Adaptive immunity acts on a specific antigen that interacted previously, so it is specific immunity, instead of non-specific.
Innate immunity is known as the first line of defense as it tries to keep pathogens from entering the body.
Adaptive immunity is called the third line of action of the immune system.
Presence at Birth
Innate immunity is present in your body naturally at the time of birth.
Adaptive immunity is not present since birth. It is acquired over time.
Innate immunity is a part of the body since you are born. It is not induced by external means.
Adaptive immunity is acquired or induced through external means such as vaccines and antibiotics.
Innate immunity responds to any foreign invader immediately.
Adaptive immunity may take around 4 to 7 days or a week to develop before fighting antigens.
Innate immunity produces a quick yet low potency and limited response.
Adaptive immunity produces a more potent response that helps fight a specific microbe swiftly.
Adaptive immunity acts on microbial as well as nonmicrobial substances called antigens.
The cells involved in innate immunity are natural killer cells, macrophages, dendritic cells, eosinophils, etc.
Adaptive immunity functions through the combined action of antigen-presenting cells, B cells, and T cells.
Innate immunity does not have a memory and may not respond to a pathogen in the same way as the previous time.
Adaptive immunity develops memory and reacts the same way on later interactions with the antigen.
Complement System Activation
Innate immunity activates the system through lectin and the alternative pathway.
Adaptive immunity activates the complement system through the classical pathway.
The skin, mucous membrane, stomach acid, and body chemicals act as the first line of defense besides macrophages and other immune cells.
Lymph nodes, mucosal-associated lymphoid tissues, and spleen contribute to adaptive immunity or the third line of defense.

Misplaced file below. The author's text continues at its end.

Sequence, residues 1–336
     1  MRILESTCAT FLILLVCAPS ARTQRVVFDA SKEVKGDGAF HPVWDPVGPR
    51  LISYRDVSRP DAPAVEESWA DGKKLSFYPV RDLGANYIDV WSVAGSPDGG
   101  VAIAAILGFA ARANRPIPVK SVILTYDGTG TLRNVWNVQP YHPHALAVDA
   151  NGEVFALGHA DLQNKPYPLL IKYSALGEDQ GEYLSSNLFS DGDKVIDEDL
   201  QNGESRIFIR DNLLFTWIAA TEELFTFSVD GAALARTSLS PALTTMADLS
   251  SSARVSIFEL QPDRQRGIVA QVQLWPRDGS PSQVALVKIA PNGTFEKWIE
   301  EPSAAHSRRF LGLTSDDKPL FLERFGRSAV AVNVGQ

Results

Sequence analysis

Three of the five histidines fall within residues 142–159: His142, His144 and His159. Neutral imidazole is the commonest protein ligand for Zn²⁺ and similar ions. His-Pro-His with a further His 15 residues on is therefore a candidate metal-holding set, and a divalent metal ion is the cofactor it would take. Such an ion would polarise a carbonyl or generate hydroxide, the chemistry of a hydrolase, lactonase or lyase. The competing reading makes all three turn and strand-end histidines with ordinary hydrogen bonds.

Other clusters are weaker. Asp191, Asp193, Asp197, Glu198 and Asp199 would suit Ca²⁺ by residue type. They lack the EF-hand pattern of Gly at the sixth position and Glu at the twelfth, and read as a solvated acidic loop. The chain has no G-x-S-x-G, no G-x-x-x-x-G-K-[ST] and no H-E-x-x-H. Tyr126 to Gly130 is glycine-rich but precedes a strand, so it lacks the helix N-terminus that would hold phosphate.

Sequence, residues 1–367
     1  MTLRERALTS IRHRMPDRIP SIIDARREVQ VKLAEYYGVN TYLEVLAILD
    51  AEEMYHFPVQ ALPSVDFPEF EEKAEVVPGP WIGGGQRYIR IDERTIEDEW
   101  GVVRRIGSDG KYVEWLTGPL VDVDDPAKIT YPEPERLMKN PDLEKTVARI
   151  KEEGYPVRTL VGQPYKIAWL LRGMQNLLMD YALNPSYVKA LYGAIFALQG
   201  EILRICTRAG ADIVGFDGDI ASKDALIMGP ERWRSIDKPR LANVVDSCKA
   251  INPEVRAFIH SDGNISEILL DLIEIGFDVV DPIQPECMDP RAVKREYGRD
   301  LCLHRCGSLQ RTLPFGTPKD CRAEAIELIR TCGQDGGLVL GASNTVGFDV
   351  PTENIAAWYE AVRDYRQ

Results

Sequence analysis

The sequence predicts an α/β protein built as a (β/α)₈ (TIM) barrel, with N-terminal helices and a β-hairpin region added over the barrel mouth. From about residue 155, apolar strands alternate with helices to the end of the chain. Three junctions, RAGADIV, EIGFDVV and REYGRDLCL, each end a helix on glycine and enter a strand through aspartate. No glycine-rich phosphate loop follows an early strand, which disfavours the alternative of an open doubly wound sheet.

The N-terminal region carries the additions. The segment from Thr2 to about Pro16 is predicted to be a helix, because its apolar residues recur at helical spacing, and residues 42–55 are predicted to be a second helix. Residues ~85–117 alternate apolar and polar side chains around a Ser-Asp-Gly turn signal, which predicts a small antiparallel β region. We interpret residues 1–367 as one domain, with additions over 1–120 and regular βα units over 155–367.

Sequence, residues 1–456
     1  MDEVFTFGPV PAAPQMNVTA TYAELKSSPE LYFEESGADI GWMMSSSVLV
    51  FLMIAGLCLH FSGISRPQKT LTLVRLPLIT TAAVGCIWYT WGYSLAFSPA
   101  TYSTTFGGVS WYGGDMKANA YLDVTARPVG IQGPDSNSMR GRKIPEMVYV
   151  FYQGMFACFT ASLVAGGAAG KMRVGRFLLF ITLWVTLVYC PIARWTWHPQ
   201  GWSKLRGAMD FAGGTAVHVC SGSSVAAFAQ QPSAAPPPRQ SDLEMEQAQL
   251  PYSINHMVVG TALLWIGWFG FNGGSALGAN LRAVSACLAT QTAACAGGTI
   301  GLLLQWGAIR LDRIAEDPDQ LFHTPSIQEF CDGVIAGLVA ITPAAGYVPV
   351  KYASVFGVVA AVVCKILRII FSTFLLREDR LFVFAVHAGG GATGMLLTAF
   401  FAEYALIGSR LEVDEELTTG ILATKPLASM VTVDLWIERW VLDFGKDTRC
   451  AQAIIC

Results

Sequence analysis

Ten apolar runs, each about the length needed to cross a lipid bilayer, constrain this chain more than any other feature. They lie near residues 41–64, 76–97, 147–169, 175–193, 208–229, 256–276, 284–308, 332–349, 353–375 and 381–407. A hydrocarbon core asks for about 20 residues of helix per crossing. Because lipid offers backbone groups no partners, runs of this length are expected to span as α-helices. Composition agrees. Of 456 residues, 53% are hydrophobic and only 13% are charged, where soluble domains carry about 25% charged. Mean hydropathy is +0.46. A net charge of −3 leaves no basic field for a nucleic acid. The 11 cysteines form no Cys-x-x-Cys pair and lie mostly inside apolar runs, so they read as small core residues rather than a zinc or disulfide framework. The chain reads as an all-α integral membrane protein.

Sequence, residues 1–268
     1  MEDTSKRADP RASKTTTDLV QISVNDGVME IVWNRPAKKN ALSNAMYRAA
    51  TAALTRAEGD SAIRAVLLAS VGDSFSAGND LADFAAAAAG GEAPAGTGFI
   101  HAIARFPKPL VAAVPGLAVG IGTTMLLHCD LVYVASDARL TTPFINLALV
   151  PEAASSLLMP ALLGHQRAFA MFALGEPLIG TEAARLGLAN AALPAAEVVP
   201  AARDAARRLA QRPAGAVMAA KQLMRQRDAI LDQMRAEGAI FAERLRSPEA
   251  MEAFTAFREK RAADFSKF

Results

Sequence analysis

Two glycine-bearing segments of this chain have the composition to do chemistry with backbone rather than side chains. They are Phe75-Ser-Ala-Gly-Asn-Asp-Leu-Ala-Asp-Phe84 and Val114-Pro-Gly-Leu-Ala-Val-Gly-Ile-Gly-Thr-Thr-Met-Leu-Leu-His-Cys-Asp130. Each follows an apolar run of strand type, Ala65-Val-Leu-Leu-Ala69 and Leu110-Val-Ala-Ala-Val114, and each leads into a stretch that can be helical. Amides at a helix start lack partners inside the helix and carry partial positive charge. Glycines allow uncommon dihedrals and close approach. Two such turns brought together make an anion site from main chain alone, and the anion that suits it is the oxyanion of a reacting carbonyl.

The presence of innate immunity is accustomed to your body’s needs and does not cause any reactions.
Acquiring adaptive immunity may cause a rapid or delayed hypersensitivity reaction.
It has been present in all animals, including vertebrates and invertebrates.
Adaptive immunity is comparatively new and only found in vertebrates, especially humans.
Innate immunity is the body’s natural response to fighting microbes like white blood cells fighting a microbe or wound formation.
Adaptive immunity is acquired through vaccines like vaccination for polio or measles and mumps.
The Bottom Line
Innate and adaptive immunity performs particular functions in keeping the body protected from foreign invaders. Innate immunity is present in the body since birth, whereas adaptive immunity is acquired through external factors. The former provides an immediate response, while the latter takes a week to initiate the reaction. Adaptive immunity was developed a few decades back to save people from diseases.
Anna has completed her degree in Pharmacy from the University of Hawaii. She is serving as a research assistant in a pharmaceutical company. She had a great interest in writing blogs, traveling to different parts of the US, and trying delicious recipes in her spare time.